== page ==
Meet The FEMS Interns: Joy Aston and Patrick Walsh

17-10-18 Carianne Buurmeijer

An important part of our work at FEMS is supporting contributions from volunteers and interns that help to grow the reach and influence of microbiology. This month we are joined by Patrick Walsh and Joy Aston, two FEMS interns from the Science Communication MSc course at Imperial College London.

Joy looked into the current state of science policy within Europe to provide a detailed analysis of how scientific evidence affects the making of EU legislation. From this analysis she suggested several ways for FEMS to increase the involvement of microbiology in European policy making. Her experience as a FEMS Intern has helped her to gain a job as a Policy Officer at the Royal Academy of Engineering in the UK, for which we are extremely pleased!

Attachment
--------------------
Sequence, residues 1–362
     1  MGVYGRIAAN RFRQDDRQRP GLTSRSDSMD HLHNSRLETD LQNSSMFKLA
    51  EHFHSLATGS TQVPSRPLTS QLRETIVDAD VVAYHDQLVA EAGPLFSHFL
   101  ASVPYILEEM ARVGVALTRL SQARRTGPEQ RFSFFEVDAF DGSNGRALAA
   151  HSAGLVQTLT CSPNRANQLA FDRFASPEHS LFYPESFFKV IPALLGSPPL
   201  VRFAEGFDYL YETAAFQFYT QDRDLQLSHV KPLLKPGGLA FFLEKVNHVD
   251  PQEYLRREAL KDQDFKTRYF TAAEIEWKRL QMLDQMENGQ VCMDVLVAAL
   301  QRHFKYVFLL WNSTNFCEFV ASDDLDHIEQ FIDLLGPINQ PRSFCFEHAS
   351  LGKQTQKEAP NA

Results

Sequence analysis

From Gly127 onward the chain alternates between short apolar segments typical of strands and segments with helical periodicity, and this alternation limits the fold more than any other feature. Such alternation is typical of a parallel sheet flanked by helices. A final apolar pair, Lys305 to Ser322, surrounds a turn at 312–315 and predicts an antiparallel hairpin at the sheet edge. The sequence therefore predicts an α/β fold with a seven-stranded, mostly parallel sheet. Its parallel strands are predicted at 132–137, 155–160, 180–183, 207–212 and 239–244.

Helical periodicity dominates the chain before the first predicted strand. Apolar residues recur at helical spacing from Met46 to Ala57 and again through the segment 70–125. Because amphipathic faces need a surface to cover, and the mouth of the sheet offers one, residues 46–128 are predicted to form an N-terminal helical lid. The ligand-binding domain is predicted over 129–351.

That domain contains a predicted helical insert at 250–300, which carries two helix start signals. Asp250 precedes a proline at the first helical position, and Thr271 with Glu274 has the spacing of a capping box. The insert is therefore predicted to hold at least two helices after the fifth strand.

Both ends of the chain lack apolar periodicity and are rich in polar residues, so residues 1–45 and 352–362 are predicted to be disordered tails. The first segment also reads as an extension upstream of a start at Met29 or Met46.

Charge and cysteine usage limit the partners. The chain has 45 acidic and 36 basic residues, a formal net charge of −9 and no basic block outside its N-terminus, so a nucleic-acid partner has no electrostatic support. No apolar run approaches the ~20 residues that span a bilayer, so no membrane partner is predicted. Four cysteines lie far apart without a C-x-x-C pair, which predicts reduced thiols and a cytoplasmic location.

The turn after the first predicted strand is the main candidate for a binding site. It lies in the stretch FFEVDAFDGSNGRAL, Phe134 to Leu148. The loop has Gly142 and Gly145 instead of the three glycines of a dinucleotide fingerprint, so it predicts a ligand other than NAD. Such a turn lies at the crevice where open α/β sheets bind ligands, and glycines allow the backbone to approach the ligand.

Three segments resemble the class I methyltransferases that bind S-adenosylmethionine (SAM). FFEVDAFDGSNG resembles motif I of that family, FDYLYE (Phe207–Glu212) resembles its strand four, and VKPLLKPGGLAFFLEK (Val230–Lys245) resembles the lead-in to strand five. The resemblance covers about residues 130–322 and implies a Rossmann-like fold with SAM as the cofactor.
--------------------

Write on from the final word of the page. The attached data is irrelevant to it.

Want to do new things with FEMS as a volunteer? Head to our Get Involved page to find out how.

Patrick worked on a project to help develop our opportunities board. His surveying and research produced a framework for how the opportunities board can better meet the needs of the microbiology community. His work involved a variety of research methods and used unique online tools to produce innovative ways of developing this FEMS project.

You can read their testimonials below:

Joy Aston – FEMS Policy Intern

What inspired you to get involved with FEMS?

”I was interested in gaining some more experience working in science policy, and thought this would be an amazing opportunity for me to do so. Most of my policy experience prior to this internship was mainly theoretical – based on academic modules on my MSc at Imperial, or through events and lectures I had attended. My undergraduate degree was in biology, so an opportunity to gain this policy experience whilst also working within an organisation focused on subject matter I am personally interested in made this placement even more appealing. Microbiology is integral to so many aspects of modern life – whether it be food safety, public health, or AMR. It is a field generating incredible scientific expertise that should be informing the relevant policy decisions ”effectively, especially in areas that directly impact on human lives.”